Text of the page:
Masters of song – Christian Gerhaher and Gerold Huber perform Brahms in Zurich

SwitzerlandSwitzerland Brahms: Christian Gerhaher (baritone), Gerold Huber (piano). Opernhaus Zürich, 26.4.2022. (RP)

Christian Gerhaher (baritone) and Gerold Huber (piano) (c) David Parry/PA

Brahms – Neun Lieder und Gesänge, Op.32; Vier ernste Gesänge, Op.121; ‘Meine Lieder’, Op.106 No.4; ‘Geheimnis’, Op.71 No.3; ‘Die Mainacht’, Op.43 No.2; ‘Treue Liebe’, Op.7 No.1; ‘Lerchengesang’, Op.70 No.2; Regenlied (early edition), Op.59; ‘Auf dem Kirchhofe’, Op.105 No.4; ‘Von ewiger Liebe’, Op.43 No.1; ‘O kühler Wald’, Op.72 No.3; ‘Herbstgefühl’, Op.48 No.7; ‘Die Kränze’, Op.46 No.1

Familiarity often breeds popularity with Swiss audiences, which may have helped to account for the large turnout for the Brahms recital by baritone Christian Gerhaher and pianist Gerold Huber at the Zurich Opera. Their joint artistry, to say nothing of Gerhaher’s compelling Wozzeck in Andreas Homoki’s 2015 production of Berg’s opera of the same name for the Zurich Opera, undoubtedly carried more weight. As they have in the past, Gerhaher and Huber again demonstrated their incomparable mastery of the art of song.

Time has not stood still for either singer or pianist, and they now seem to personify prototypical, middle-aged romantic artists. Gerhaher’s grizzled appearance and courtly, if stern, demeanor summons the mature Brahms captured in photographs of the composer. With his flowing mane of silver-streaked hair, Huber emanates a lighter, cheerier, if no less serious-minded, persona. Watching him mouth the words to the songs as he plays, one is struck by the absolute involvement in both text and music that he brings to each.

Gerhaher’s baritone was never the most sumptuous of voices, and the effects that other singers achieve with lushness of tone were never his to command. He has also been open about the impact of aging on the voice, as well as personally coping with Crohn’s disease. Neither, however, have diminished his artistry, and his baritone was, and still is, beautiful and sizeable enough for the repertoire that he sings.

The songs performed are Brahms at his most heartfelt and pensive. There was little of the lilt and lightness that is to be found in songs such as ‘Ständchen’ or his settings of German folk songs like ‘Sandmännchen’. They are works, however, ideally suited to Gerhaher’s singular talents.

At the core of the recital were Vier ernste Gesänge and Regenlied, two song cycles in the purest sense of the word in which a composer sets songs by a single poet. Vier ernste Gesänge is a hybrid of sorts in that Brahms selected four passages from the Bible: three from the Old Testament reflect on death and the transience of life, while the text of the fourth, taken from the New Testament, expounds on the virtues of faith, hope and love.

Unsurprisingly, the four songs found Gerhaher at his most profound and singing with the greatest depth of feeling. He could be forceful and declamatory, as when he sang against the swirl of piano in the first song, ‘Denn es gehet dem Menschen wie dem Vieh’, or lyrical and soft when musing on death in the third, ‘O Tod, wie bitter bist du’. When Gerhaher sang of love, the greatest of the virtues, in the final song, ‘Wenn ich mit Menschen- und mit Engelszungen redete’, his voice was forthright and dramatic, resounding with the most heartfelt emotions of the entire recital.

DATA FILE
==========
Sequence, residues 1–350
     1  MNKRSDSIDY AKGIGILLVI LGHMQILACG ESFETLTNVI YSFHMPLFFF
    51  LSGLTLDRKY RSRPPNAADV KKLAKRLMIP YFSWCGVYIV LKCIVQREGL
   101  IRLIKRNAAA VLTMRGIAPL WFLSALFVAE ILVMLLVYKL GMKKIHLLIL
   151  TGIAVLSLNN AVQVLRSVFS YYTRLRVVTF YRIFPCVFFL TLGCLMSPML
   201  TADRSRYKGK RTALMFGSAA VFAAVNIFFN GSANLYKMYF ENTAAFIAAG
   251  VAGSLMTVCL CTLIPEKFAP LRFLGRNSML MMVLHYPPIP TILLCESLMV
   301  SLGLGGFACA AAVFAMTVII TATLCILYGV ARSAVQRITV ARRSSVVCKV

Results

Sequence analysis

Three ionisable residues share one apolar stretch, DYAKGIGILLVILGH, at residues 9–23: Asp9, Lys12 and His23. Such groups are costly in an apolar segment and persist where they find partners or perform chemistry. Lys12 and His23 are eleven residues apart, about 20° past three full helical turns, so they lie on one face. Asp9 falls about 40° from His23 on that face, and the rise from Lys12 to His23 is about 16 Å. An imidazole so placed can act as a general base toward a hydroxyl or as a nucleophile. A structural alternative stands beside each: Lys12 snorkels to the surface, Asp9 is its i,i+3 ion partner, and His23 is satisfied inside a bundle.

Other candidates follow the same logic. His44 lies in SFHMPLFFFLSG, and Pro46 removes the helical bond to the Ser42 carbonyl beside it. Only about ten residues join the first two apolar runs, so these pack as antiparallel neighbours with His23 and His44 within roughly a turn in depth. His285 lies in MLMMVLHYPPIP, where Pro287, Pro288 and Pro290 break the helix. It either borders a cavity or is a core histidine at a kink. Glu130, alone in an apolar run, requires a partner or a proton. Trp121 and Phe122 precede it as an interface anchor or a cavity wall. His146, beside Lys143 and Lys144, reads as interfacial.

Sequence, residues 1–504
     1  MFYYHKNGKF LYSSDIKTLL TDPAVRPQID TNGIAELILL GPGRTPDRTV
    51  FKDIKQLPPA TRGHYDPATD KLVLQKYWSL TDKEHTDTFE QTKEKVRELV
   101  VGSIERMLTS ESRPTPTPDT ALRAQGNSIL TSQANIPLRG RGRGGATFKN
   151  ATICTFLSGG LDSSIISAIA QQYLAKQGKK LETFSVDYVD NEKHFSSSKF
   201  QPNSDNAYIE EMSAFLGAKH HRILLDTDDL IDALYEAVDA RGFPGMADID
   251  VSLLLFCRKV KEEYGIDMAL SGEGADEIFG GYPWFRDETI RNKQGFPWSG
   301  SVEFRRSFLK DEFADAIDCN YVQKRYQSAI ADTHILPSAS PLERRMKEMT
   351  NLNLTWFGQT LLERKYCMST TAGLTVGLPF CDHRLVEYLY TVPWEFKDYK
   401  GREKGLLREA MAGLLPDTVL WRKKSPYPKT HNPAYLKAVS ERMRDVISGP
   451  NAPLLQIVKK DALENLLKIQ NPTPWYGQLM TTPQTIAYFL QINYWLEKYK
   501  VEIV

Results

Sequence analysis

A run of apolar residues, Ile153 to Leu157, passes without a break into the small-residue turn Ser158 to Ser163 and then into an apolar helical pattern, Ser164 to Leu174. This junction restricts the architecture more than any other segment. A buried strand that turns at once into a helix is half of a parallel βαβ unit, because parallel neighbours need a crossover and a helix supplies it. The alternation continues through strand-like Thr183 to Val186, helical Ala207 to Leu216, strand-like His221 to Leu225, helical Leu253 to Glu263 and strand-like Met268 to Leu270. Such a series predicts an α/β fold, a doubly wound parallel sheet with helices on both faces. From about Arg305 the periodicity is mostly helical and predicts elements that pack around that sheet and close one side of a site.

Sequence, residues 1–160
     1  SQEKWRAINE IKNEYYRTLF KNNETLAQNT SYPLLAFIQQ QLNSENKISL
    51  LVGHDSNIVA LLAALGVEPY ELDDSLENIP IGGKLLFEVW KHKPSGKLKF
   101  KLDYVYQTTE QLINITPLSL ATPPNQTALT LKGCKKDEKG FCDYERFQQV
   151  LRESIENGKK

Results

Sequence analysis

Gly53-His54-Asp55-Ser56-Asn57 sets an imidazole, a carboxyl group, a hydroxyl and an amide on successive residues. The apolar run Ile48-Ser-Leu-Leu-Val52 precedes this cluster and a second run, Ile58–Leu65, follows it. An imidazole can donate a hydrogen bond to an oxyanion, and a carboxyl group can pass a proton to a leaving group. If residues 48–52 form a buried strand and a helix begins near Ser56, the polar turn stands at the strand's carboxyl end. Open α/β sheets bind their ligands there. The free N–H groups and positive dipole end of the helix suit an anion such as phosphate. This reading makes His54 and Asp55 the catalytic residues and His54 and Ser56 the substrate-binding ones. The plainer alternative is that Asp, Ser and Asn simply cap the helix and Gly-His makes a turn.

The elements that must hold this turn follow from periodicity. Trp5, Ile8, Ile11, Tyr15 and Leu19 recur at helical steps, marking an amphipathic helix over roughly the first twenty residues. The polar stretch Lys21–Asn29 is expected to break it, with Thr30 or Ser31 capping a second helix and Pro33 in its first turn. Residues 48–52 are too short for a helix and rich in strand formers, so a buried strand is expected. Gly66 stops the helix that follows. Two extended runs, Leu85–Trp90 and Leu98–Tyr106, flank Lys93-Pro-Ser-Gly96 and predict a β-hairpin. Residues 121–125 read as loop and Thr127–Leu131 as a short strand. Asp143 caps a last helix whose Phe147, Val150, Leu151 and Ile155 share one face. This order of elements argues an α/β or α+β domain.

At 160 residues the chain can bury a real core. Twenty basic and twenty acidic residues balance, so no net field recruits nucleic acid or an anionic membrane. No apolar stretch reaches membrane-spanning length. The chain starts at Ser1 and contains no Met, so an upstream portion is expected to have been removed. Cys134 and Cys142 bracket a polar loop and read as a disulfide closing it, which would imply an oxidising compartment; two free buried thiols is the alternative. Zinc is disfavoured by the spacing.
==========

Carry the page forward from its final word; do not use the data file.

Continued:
The Regenlied are settings of four poems by Klaus Grothin, whom Brahms greatly admired, in which the images of raindrops and tears create a framework that unifies the four songs. Singer and pianist expressed the yearning for the simplicities of childhood and the complexities of life with the finest of musical brushstrokes, climaxing in an expression of absolute sadness and regret when Gerhaher sang of tears streaming down the cheeks of a distraught lover in ‘Regentropfen aus den Bäumen’.

The recital began with the nine songs that comprise Op.32. The set opened with suspense, as Gerhaher vividly expressed images of the night in ‘Wie rafft’ ich mich auf in der Nacht’. He began ‘Nicht mehr zu dir zu gehen’ more spoken than sung, while mustering passionate outbursts of fury in ‘Der Strom, der neben mir verrauschte’. The nine songs are a unified arc of pain, frustration and despair that ends, somewhat surprisingly, with a radiant expression of devotion in the final song, ‘Wie bist du, meine Königin’, which Gerhaher captured splendidly in just a single word – wonnevoll, or bliss in English.

The highlight of the final group of five songs was ‘Von ewiger Liebe’ in which Gerhaher assumed the guises of narrator, young man and the girl he loves. Gerhaher effectively cast a mood of foreboding in his description of the couple wandering forth from their village as evening falls, with the young man expressing remorse for the shame he has brought upon her. Gerhaher built the young woman’s response from a simple, quiet declaration of love into a soaring, unswerving declaration of eternal commitment that rang through the opera house.

Huber was indispensable in capturing the richness of tone, sumptuous melodies and subtle mood changes that are synonymous with Brahms. In ‘Dein blaues Auge’, the second of four songs in Regenlied, the piano sparkled with pinpoint accuracy as Gerhaher described the clarity and coolness of eyes devoid of affection. Huber cast a subdued, spectral mood in ‘Auf dem Kirchhofe’, and summed up all the emotions that had coursed through the entire recital in the postlude of ‘Die Kränze’, when tears and sorrow were once again transformed into sound.

Rick Perdian

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